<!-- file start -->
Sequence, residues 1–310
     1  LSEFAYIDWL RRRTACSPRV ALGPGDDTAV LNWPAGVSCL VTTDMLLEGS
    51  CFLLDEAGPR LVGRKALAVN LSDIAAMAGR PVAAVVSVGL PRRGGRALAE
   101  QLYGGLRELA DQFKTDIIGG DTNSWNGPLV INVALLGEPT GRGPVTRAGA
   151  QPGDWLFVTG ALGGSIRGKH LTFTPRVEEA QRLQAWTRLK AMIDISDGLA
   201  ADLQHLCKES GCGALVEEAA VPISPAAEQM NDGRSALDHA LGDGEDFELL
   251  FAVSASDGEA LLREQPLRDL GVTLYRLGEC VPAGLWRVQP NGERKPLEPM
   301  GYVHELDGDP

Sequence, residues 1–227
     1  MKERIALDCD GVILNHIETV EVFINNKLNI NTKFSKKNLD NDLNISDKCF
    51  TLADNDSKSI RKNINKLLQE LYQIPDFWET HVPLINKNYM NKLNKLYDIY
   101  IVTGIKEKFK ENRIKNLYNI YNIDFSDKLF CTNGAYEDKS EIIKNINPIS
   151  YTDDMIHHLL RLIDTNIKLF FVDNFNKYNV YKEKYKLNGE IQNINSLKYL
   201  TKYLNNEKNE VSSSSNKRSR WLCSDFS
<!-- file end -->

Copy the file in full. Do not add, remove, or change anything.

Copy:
Sequence, residues 1–310
     1  LSEFAYIDWL RRRTACSPRV ALGPGDDTAV LNWPAGVSCL VTTDMLLEGS
    51  CFLLDEAGPR LVGRKALAVN LSDIAAMAGR PVAAVVSVGL PRRGGRALAE
   101  QLYGGLRELA DQFKTDIIGG DTNSWNGPLV INVALLGEPT GRGPVTRAGA
   151  QPGDWLFVTG ALGGSIRGKH LTFTPRVEEA QRLQAWTRLK AMIDISDGLA
   201  ADLQHLCKES GCGALVEEAA VPISPAAEQM NDGRSALDHA LGDGEDFELL
   251  FAVSASDGEA LLREQPLRDL GVTLYRLGEC VPAGLWRVQP NGERKPLEPM
   301  GYVHELDGDP

Sequence, residues 1–227
     1  MKERIALDCD GVILNHIETV EVFINNKLNI NTKFSKKNLD NDLNISDKCF
    51  TLADNDSKSI RKNINKLLQE LYQIPDFWET HVPLINKNYM NKLNKLYDIY
   101  IVTGIKEKFK ENRIKNLYNI YNIDFSDKLF CTNGAYEDKS EIIKNINPIS
   151  YTDDMIHHLL RLIDTNIKLF FVDNFNKYNV YKEKYKLNGE IQNINSLKYL
   201  TKYLNNEKNE VSSSSNKRSR WLCSDFS